Fr. Robert:  Right.  Something I will say is that there are some people in the Chat Room that are saying, “It kind of reminds me of Visual Basic”.  Yeah, it does.  Actually you can use almost exactly the same methods and procedures to create functions in both languages, to create events in both languages.  Now anytime you are going to be programming with foundations, yeah it is going to be a little messy because you start thinking of all the things that you can do, but one of the things that you have to remember is the lesson from last week, when Lou created that graphic application he only used codes, slightly modified, from previous lessons.  So don’t freak out folks.  If you were able to do it in the console you can do it in foundations.  It will just take you a little longer to figure out how those events work.

Shannon:  Yeah.

Lou:  Sure. 

Shannon:  I think it is a little tough for me to remember how to open and make it work in Visual Studio.

Fr. Robert:  Yeah.   Because it is easy to see this and go, “Ok that makes sense” but when you are sitting behind the IDE you kind of go…

Shannon:  “How did I open that file again”?

Fr. Robert:  What I would suggest, honestly, is sit down and download the last episode and download this episode and just have it ready to play.  Really just follow Lou’s steps.  Follow what he does.

Shannon:  Play and pause.

Fr. Robert:  Play, pause and rewind.  He tends to go a little fast just because we are limited by time. But it really isn’t that hard.  The first time you make it work, you’ve had these… that moment when you hit play and it works!  And you’re going, “Oh that was it”?  Okay!  Got it now! 

Shannon:  Now I got this.

Fr. Robert:  Because you start playing with the properties of the class, the properties of the windows, and once you see how that actually works, I promise you all those misgivings about going into this higher level of programming will just vanish.  Lou, what else have you got for our newbies out there?  They've been looking to you for the last eight episodes to give them the goods on how to program.  If you had a bit of advice for the novice programmer that is freaking out, well what would you tell them?  What kind words of council would you give them?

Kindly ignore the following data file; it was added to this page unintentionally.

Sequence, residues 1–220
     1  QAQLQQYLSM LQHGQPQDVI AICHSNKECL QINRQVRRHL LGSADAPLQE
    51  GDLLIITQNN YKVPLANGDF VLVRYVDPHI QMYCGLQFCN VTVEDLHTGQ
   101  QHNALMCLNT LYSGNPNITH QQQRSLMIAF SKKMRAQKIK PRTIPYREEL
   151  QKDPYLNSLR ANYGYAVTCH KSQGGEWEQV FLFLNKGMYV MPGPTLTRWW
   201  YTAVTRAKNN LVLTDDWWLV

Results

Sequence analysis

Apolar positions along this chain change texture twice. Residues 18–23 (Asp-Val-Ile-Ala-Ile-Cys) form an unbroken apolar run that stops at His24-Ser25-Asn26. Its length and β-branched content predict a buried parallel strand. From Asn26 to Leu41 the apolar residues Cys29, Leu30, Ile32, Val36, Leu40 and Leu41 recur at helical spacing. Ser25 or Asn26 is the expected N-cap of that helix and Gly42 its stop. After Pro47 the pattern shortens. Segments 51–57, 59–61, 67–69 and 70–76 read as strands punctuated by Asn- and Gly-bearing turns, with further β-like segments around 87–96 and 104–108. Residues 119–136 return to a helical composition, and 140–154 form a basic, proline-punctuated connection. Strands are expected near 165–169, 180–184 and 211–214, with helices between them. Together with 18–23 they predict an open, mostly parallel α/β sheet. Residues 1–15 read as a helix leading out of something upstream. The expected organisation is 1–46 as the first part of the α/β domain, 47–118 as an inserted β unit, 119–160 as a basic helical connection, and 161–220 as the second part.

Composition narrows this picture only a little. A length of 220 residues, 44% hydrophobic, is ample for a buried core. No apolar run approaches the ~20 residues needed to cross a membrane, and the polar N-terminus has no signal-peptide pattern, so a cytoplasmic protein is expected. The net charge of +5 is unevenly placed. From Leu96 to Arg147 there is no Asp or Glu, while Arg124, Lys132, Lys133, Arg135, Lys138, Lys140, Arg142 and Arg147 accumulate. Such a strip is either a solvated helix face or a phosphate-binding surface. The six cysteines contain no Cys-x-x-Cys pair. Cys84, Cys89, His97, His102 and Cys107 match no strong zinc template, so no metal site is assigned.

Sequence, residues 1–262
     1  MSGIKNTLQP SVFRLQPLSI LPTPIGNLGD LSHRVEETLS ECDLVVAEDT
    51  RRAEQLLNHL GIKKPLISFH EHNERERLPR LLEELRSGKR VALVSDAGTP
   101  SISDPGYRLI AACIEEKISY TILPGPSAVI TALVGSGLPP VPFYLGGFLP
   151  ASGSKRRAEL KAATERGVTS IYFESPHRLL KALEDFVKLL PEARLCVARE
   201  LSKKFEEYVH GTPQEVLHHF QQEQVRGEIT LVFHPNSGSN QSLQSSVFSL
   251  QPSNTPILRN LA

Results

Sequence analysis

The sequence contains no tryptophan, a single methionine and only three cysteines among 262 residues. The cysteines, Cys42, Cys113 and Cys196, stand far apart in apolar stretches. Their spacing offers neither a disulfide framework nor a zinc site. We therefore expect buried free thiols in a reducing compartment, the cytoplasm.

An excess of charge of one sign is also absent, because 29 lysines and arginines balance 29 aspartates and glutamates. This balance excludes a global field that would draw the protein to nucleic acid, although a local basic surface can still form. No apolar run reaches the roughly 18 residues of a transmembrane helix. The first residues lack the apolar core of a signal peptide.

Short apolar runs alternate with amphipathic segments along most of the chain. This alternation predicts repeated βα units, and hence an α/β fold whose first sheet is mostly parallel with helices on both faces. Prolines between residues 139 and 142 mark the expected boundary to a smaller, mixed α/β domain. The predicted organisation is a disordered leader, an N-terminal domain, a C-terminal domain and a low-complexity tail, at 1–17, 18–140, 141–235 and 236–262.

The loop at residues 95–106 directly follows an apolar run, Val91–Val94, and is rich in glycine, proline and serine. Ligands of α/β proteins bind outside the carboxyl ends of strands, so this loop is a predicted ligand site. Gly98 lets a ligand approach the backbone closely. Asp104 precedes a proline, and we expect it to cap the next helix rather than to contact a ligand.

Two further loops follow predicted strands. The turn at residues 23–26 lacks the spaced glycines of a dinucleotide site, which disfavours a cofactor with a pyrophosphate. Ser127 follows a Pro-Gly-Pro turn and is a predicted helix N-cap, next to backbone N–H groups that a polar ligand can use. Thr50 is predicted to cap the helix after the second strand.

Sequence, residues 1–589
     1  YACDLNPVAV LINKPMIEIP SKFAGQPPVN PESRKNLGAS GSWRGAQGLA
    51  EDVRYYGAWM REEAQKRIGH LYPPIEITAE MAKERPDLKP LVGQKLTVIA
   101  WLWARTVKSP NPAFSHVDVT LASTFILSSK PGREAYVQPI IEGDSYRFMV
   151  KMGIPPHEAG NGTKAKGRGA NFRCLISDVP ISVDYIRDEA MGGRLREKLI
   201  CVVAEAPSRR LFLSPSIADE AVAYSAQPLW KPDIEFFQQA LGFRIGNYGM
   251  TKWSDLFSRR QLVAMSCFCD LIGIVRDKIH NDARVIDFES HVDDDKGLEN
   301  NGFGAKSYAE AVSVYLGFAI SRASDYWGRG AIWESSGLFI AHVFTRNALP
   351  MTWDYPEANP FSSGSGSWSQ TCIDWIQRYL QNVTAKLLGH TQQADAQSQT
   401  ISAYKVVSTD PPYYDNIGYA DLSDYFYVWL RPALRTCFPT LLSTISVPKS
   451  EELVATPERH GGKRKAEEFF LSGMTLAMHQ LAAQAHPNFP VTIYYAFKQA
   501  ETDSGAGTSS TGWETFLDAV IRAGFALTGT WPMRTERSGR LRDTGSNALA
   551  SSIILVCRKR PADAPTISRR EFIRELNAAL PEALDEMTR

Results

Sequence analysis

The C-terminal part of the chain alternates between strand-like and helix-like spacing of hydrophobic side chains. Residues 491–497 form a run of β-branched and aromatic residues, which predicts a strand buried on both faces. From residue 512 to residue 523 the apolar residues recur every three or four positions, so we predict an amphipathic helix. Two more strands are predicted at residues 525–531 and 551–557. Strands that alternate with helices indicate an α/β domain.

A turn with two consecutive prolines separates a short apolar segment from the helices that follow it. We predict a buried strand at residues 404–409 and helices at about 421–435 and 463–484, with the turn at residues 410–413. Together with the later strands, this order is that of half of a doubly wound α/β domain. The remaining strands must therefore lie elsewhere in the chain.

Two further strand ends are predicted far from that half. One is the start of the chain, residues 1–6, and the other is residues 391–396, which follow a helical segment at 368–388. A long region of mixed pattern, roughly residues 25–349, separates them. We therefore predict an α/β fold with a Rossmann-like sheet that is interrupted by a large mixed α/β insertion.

Lou:  So the way I started was I used people examples, just like Coding 101 Viewers are doing. Basically, I’d go in and I'd watch a show or a video, or I'd go read a book and use the examples that came with those and try to learn by those.  Most of the time they provide best practices and that is the best way to do it is to follow somebody’s best practices.  There are some great books out there, for instance C# has a good one out there, C#, The Good Parts and Java Script, The Good Parts and Effective C# is another good book.  They provide you with best practices for these languages, and then that allows you to understand what people are using today.  Another thing is, to go out onto Get Hub, like we have on our code, and find other projects.  Some might be super complex and some might be just huge applications but they allow you to go and view how C# and the specific language that you were using at the time, and see how other people are using it in the industry.  I think then you will start to see patterns and other things that maybe you've never seen before, like classes and other things.  It will help you learn, and I think it will help you learn just by doing and viewing and even just compiling their stuff, because obviously it's public.  Those are basically how I did it when I was learning and I think that is the best way to start.

Fr. Robert:  Lou, thank you so very very much.  You've been an absolutely awesome Code Warrior and you will always, always be the first Code Warrior in Coding 101.  It’s sad to see you go, for at least a while but that doesn't mean you're gone forever.  You're still going to come back on the show.  Maybe another C# module or maybe another language right?

Lou:  Definitely, I’d love to.

Fr. Robert:  As long as we are saying a fond farewell to you, for at least a while, could you tell the folks at home where they can find you, and the projects you are working on and what they can do if they want to learn from your example.